Medicinal Cannabis for Multiple Sclerosis. Does it Work?

Multiple
sclerosis
(MS) is
a complex disease that is thought to arise when the immune system
malfunctions and attacks the nervous system. Estimates suggest that
around 200 people are in the U.S. are diagnosed with the condition each
week, with women affected twice as often as men.

People with
MS
experience symptoms that can range in severity and duration. One of the
most common symptoms of MS is
spasticity,
which causes painful, uncontrollable muscle spasms. Spasticity can
affect any part of the body, but it occurs most often in the legs. Other
symptoms of MS include clumsiness, vision problems, tingling or numbness
in the limbs, weak muscles and bladder control problems. Often, people
with MS have periods when they experience symptoms, called attacks,
followed by periods without symptoms, called remission.

Conventional Therapies Cause Adverse Effects

There is no known cure for MS, but a combination of treatments can help
manage the disease. Treatment of MS has two aspects: immunomodulatory
therapy (IMT), which reduces the frequency of attacks and slows the
progression of the disease, and therapies to relieve symptoms.
Conventional treatments for MS often put patients at risk for a variety
of side effects, including drowsiness, dizziness, weakness, nausea and
diarrhea. Thus, the need for new treatments that relieve the symptoms of
the disease with fewer side effects is clear.

Cannabis Offers Effective Relief From MS Symptoms

Numerous studies have revealed the benefits of medicinal cannabis, or
marijuana, for alleviating multiple MS symptoms. In 2003, Zajicek et
al.
conducted one of the
largest studies investigating the effect of medicinal cannabis on
patients with the disease. The results revealed self-reported
improvements in pain, spasms, spasticity and sleep quality in
participants who used whole-plant cannabis-based medicine (CBM) extracts
or tetrahydrocannabinol (THC). A study by Collin et
al.
in 2007 supported the
findings of Zajicek et al. In a trial of CBM for the treatment of
spasticity caused by MS, researchers found that participants who used
CBM recorded significantly improved scores on the Numerical Rating
Scale, an 11-point scale for self-reporting of spasticity. Additionally,
research by
Corey-Bloom
of the University of California, San Diego revealed a significant
reduction in spasticity in participants who were already on medication
for MS and who smoked cannabis once daily for three days during the
trial.

Multiple studies have also shown the efficacy of medicinal cannabis in
treating neuropathic
pain
,
the most
common

type of pain experienced by people with MS. A
study conducted
by researchers at the University of California, Davis between 2009 and
2011 revealed that vaporized cannabis significantly reduced neuropathic
pain in people with MS, without affecting mood. The majority of the
participants in the study were experiencing neuropathic pain despite
traditional therapy. Research by Wade et
al.
in 2013 produced
similar findings to those of the University of California study. In a
study of 24 patients with neurogenic symptoms unresponsive to standard
treatments, Wade et al. found that whole-plant cannabis extracts
provided significantly superior pain relief compared with placebo.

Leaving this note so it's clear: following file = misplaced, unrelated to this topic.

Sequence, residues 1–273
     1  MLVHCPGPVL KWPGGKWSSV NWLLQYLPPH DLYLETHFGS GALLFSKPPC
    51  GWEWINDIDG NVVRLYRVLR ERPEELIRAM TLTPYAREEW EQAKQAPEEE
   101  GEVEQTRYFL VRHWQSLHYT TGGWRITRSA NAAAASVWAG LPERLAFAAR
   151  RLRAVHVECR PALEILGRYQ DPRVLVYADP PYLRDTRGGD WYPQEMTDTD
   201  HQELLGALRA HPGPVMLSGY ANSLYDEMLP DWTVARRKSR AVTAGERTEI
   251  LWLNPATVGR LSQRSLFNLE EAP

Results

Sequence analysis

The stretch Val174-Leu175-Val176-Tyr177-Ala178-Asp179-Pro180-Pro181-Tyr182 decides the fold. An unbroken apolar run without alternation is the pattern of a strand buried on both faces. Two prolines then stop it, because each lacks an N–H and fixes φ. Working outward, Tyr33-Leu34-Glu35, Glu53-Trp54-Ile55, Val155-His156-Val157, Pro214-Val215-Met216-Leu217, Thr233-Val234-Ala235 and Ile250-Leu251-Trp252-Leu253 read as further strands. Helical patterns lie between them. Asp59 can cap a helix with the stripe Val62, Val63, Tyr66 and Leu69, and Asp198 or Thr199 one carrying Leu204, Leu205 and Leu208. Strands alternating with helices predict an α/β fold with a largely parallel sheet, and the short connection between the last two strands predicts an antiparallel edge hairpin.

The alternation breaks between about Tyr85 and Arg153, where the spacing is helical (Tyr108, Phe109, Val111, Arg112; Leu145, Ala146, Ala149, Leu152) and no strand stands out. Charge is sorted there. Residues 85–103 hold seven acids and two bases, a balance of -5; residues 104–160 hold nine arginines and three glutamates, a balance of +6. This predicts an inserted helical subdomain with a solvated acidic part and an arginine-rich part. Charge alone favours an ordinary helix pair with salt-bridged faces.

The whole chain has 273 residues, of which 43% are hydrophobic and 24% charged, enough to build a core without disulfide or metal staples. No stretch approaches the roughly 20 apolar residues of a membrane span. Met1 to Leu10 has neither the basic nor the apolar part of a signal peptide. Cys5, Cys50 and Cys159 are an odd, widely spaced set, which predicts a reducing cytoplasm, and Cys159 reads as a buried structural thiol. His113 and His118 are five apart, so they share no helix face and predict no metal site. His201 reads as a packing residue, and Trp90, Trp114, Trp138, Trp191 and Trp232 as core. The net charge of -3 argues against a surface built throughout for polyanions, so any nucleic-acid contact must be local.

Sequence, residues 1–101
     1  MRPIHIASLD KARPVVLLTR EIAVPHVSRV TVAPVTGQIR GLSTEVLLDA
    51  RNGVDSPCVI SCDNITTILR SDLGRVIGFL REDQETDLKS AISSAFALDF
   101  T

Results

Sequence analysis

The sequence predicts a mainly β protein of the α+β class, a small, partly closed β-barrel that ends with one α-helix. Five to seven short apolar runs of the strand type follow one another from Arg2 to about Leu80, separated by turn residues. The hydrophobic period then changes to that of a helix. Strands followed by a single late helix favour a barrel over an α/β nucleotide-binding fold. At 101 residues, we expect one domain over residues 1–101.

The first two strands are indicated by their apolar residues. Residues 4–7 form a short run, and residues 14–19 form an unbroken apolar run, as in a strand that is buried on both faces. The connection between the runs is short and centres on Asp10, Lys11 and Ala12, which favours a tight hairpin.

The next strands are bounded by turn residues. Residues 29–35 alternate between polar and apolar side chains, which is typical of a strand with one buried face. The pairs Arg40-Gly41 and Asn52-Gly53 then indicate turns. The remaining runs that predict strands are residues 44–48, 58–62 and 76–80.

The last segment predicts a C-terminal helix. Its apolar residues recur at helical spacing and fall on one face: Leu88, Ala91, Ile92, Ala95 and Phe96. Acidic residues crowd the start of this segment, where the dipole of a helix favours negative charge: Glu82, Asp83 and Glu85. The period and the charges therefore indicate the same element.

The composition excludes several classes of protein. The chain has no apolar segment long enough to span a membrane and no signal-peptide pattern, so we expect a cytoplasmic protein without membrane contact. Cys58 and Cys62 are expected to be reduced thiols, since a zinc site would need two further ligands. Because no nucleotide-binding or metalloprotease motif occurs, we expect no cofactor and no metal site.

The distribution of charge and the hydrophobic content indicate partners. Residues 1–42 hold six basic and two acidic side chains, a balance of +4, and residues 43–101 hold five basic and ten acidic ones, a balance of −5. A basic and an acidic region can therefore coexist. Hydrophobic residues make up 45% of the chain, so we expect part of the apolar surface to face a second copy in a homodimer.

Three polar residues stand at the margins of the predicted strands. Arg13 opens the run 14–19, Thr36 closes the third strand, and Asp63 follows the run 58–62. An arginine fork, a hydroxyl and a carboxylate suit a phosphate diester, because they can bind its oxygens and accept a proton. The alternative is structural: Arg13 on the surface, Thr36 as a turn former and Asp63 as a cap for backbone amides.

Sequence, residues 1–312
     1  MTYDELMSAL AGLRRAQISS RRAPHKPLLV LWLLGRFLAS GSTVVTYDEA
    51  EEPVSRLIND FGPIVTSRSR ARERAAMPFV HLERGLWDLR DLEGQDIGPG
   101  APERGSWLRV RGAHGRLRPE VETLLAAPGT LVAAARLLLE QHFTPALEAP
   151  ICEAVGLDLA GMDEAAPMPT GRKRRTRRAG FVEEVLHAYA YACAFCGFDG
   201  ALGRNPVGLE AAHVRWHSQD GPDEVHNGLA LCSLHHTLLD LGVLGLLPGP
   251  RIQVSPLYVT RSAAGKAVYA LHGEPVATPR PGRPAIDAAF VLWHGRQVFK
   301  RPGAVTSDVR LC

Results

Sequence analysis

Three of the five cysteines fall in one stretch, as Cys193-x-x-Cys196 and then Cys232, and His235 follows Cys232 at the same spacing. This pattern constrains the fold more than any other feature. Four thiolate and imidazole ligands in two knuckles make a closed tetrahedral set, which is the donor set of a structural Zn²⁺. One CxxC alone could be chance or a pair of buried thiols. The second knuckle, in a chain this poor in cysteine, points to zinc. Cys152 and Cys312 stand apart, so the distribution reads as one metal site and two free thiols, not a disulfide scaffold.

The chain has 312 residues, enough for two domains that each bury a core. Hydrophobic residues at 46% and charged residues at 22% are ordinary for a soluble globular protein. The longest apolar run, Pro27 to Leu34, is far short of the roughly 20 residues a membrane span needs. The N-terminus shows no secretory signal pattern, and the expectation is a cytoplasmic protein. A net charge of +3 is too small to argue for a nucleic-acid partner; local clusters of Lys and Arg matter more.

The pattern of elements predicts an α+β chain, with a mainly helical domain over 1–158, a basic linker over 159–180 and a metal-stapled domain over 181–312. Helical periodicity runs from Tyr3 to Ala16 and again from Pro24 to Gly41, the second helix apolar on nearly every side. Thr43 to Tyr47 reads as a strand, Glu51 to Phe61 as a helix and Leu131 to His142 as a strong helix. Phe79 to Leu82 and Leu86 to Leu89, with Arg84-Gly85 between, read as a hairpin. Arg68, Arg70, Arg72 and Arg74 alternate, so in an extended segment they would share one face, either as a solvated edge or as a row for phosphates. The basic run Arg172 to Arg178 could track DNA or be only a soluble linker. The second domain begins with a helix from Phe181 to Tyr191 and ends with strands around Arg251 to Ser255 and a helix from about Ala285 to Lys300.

Additionally, the results of research by Wilsey et
al.
in 2008 and Ware et
al.
in 2010
contribute to mounting evidence that cannabis may be effective at
relieving neuropathic pain and may be an alternative for people who do
not respond to, or cannot tolerate, conventional therapies.

Medicinal Cannabis as Treatment of MS, Not Just the Symptoms

A review by Pertwee et
al.

in 2007 found evidence to suggest that medicinal cannabis may be useful
beyond symptom control in people with MS. The chemicals, or
cannabinoids, in medicinal cannabis are structurally similar to
endogenous
cannabinoids,
which are naturally occurring chemicals that help to regulate nerve
impulse transmission. Because of this similarity, it is hypothesized
that they can attach themselves to molecules called CB2 cannabinoid
receptors on immune cells within the nervous system and activate them,
decreasing inflammation and suppressing some of the changes that give
rise to the progression of MS. Research by Ben-Shabat et
al.

in 1998 revealed that cannabinoids may work more effectively in
combination than alone: an observation termed the entourage
effect
.
Thus, whole-plant CBM may relieve the symptoms of MS better than a
medicine containing only one or two cannabinoids.

Evidence for Cannabis’s Safety and Efficacy Grows

Given its high efficacy and low risk of adverse effects, whole-plant CBM
may be an effective add-on treatment for people with MS; however,
federal law still classifies cannabis as a Schedule I drug with no
medicinal benefit. As a result, many people with MS are being denied
access to a potentially life-changing therapy. Proponents of medicinal
cannabis are campaigning for a change to federal law so that the
thousands of Americans who live with MS can have safe, legal access to
medical marijuana under a physician’s guidance. Many high-profile
national and international health organizations, including the Montel
Williams MS Foundation and the American Academy of Family Physicians,
support the outright legalization of medicinal cannabis. Legalization
would enable people with MS to use cannabis to manage their symptoms
more effectively and perhaps even delay progression of the disease,
without fearing the potential legal repercussions.

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